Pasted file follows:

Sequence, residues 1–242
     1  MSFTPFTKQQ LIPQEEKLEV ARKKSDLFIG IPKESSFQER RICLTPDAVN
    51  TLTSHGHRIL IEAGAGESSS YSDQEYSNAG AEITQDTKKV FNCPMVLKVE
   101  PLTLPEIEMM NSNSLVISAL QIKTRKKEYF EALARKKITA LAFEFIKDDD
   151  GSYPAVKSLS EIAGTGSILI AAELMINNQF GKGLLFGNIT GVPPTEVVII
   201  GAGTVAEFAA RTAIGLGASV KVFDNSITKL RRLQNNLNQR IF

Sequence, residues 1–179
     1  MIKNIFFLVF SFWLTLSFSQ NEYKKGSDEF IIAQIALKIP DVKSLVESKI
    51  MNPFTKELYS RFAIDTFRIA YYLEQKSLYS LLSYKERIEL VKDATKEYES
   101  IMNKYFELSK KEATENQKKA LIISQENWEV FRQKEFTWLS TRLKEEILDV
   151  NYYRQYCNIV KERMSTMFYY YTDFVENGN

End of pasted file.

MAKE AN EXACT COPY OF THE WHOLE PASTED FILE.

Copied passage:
Sequence, residues 1–242
     1  MSFTPFTKQQ LIPQEEKLEV ARKKSDLFIG IPKESSFQER RICLTPDAVN
    51  TLTSHGHRIL IEAGAGESSS YSDQEYSNAG AEITQDTKKV FNCPMVLKVE
   101  PLTLPEIEMM NSNSLVISAL QIKTRKKEYF EALARKKITA LAFEFIKDDD
   151  GSYPAVKSLS EIAGTGSILI AAELMINNQF GKGLLFGNIT GVPPTEVVII
   201  GAGTVAEFAA RTAIGLGASV KVFDNSITKL RRLQNNLNQR IF

Sequence, residues 1–179
     1  MIKNIFFLVF SFWLTLSFSQ NEYKKGSDEF IIAQIALKIP DVKSLVESKI
    51  MNPFTKELYS RFAIDTFRIA YYLEQKSLYS LLSYKERIEL VKDATKEYES
   101  IMNKYFELSK KEATENQKKA LIISQENWEV FRQKEFTWLS TRLKEEILDV
   151  NYYRQYCNIV KERMSTMFYY YTDFVENGN